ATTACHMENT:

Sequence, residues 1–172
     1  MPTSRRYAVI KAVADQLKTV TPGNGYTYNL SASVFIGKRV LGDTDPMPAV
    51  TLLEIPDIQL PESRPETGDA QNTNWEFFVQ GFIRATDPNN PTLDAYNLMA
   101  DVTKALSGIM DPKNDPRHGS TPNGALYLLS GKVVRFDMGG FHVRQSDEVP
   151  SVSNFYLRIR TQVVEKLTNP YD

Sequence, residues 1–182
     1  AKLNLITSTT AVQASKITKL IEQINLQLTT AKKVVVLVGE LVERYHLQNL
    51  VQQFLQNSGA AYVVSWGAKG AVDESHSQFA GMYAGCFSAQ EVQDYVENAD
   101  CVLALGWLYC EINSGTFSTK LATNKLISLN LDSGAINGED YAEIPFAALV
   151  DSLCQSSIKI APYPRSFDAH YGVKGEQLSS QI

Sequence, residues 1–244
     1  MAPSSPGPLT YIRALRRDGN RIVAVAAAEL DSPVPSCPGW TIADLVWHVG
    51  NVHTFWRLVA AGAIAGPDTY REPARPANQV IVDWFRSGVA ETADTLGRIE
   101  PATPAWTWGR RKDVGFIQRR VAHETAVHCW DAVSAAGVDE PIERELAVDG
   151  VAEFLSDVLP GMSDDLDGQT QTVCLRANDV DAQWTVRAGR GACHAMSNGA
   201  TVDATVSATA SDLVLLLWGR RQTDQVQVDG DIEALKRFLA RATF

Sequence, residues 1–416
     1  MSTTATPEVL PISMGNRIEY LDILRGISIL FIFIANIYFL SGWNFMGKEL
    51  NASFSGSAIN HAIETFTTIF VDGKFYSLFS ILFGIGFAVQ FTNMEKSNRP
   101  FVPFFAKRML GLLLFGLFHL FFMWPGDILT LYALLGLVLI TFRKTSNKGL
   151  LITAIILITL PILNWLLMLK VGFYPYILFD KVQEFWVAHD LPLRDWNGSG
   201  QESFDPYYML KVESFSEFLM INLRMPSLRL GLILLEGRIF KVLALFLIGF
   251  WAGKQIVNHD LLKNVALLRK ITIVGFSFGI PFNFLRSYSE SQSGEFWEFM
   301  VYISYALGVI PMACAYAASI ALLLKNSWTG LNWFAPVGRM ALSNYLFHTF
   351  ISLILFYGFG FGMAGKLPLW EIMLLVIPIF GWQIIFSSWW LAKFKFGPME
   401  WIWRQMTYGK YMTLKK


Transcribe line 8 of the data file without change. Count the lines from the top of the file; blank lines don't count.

    51  VQQFLQNSGA AYVVSWGAKG AVDESHSQFA GMYAGCFSAQ EVQDYVENAD